The Dutch company Philips was one of the first manufacturers of radio sets. The company had always focused on the consumer market, the few commercial communication receivers were not successful, the various world receivers never were really popular.
The history of the Dutch company Philips goeas back to 1891 when N.V. Philips' Gloeilampenfabrieken was founded as an incandescent lamp factory; in 1903 Philips was already the fourth largest incandescent lamp factory in Europe. In 1917 Philips started to manufacture electron tubes. Later, Philips was not only one of the first manufacturers of electronic components but also one of the first companies to mass-produce complete radio sets; by 1932, the group had already produced one million radio receivers.
Philips was always focused on the consumer market; in the commercial sector, the few communications receivers were almost as unsuccessful as the various all wave receivers. The company always lacked a concept for the development of popular shortwave receivers. The sets were often technically outdated when they appeared on the market and could not meet the expectations of the listeners raised by the brochures.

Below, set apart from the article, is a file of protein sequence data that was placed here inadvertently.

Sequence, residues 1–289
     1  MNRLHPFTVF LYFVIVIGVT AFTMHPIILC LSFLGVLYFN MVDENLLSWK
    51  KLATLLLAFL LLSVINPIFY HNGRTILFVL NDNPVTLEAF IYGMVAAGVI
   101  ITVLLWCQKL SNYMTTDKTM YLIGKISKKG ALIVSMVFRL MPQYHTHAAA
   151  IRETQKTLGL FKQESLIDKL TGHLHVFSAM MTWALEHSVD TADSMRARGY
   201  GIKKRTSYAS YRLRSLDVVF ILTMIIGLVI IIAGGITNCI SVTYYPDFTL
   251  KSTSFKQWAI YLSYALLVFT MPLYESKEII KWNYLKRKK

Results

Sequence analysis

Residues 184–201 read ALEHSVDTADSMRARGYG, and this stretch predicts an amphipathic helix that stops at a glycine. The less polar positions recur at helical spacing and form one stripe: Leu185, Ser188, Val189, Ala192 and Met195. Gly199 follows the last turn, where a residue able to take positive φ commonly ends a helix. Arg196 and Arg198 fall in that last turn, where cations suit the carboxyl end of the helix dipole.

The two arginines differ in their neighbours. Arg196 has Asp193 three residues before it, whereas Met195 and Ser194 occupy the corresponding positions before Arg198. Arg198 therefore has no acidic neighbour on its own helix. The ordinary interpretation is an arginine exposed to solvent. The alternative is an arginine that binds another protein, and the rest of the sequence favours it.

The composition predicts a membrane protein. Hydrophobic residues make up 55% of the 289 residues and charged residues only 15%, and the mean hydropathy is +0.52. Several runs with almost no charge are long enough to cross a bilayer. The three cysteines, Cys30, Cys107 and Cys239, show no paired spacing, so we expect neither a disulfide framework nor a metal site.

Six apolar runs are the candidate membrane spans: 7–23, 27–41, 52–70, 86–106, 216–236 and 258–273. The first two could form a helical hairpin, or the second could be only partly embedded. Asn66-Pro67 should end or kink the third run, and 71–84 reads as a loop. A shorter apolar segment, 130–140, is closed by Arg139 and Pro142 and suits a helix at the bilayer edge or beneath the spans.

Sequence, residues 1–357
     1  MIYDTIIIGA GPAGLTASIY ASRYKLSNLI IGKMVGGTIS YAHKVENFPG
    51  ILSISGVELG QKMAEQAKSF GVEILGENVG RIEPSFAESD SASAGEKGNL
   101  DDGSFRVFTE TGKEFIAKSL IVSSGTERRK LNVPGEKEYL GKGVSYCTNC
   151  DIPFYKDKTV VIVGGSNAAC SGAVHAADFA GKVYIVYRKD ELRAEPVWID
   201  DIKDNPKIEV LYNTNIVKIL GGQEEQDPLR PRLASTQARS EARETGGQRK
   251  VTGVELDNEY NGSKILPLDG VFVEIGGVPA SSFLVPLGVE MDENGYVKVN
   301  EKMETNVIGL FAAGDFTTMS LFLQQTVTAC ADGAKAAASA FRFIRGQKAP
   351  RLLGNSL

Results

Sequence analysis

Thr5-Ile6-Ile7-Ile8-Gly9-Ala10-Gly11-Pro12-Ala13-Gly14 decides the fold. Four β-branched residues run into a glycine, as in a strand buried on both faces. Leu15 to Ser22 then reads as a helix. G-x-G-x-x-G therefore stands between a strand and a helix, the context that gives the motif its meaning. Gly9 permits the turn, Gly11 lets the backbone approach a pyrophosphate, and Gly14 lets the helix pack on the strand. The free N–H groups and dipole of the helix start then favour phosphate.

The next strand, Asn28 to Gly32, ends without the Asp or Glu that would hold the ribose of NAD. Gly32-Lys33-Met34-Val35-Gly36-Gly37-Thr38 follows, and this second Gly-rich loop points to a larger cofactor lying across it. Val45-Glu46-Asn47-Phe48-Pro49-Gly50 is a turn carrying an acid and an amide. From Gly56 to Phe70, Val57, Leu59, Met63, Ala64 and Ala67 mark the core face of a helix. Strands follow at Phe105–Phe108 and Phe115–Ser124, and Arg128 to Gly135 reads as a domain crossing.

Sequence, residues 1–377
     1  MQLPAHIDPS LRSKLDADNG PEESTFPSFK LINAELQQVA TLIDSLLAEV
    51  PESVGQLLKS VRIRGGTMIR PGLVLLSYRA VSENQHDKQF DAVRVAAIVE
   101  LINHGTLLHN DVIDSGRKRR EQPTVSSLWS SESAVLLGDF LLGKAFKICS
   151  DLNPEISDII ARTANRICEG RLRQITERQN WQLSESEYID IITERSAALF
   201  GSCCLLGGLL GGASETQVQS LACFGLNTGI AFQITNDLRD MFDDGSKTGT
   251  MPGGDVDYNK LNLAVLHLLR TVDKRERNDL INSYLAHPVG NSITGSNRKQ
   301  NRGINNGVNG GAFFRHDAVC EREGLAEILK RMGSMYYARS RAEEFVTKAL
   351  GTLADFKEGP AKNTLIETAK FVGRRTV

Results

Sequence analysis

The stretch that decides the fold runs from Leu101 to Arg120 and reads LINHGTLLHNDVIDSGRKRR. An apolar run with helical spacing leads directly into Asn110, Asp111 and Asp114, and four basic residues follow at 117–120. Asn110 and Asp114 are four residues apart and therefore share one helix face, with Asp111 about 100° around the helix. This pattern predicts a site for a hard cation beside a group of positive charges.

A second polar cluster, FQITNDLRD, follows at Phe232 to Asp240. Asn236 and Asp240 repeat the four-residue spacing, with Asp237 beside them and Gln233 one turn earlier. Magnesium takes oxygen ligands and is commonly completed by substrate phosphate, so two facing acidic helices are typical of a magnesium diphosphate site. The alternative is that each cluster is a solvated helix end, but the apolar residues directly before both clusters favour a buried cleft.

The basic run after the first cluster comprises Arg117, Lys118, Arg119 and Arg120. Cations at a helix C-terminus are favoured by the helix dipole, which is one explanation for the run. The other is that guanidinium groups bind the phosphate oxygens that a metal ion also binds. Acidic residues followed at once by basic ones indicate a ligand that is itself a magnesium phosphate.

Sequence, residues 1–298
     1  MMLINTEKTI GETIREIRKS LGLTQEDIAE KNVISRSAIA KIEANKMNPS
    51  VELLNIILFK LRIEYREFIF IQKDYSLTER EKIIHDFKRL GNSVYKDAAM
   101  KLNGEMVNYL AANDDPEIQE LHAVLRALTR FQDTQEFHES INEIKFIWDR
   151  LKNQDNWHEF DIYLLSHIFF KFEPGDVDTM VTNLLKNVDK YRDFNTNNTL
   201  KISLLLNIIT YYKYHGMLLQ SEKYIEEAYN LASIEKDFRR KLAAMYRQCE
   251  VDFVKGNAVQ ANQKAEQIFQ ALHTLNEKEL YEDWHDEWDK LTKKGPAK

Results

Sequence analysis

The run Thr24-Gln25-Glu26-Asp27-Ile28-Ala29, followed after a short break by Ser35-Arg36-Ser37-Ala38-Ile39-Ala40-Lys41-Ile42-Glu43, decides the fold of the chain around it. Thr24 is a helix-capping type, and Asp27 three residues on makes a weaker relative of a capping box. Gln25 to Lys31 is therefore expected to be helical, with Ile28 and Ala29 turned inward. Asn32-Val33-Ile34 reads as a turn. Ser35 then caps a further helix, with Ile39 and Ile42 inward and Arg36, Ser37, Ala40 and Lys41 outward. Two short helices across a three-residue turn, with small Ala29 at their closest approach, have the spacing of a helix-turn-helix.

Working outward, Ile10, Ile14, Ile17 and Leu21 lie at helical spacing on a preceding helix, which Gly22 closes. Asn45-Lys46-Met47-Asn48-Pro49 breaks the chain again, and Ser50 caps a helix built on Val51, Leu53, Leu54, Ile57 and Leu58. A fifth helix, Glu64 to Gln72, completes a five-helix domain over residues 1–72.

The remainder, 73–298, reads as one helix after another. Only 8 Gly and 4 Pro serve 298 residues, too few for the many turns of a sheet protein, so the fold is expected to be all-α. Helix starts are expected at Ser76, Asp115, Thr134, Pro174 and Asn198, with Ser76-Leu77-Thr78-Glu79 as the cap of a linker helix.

The tabletop receiver AL-990, which appeared in 1982, has some similarities with the Grundig Satellit 1400 from 1980, the portable double conversion set in conventional technology has a digital frequency counter, SSB reception is possible by means of BFO. The poor frequency stability frequently led to differences between the actual operation frequency and the frequency shown on the digital display, only mediocre sensitivity. Smaller in size was the D 2924, a microprocessor-controlled portable receiver, which had to compete with Sony's ICF-2001, which was released two years earlier. But the D 2924 covered only the 49 - 19 m range on shortwaves and did not receive SSB signals either.
In 1985, Philips launched two new receivers, the D 2935 portable set with a membrane keypad and the D 2999 tabletop receiver, which did cost twice as much and had similar performance on the bands. The D 2999 with its impressive front panel with a large digital frequency display & S-meter unfortunately could not keep up with its competitors in terms of sensitivity, selectivity and especially in terms of mirror frequency rejection. But listening to the international European shortwave stations was pleasant thanks to the good audio quality.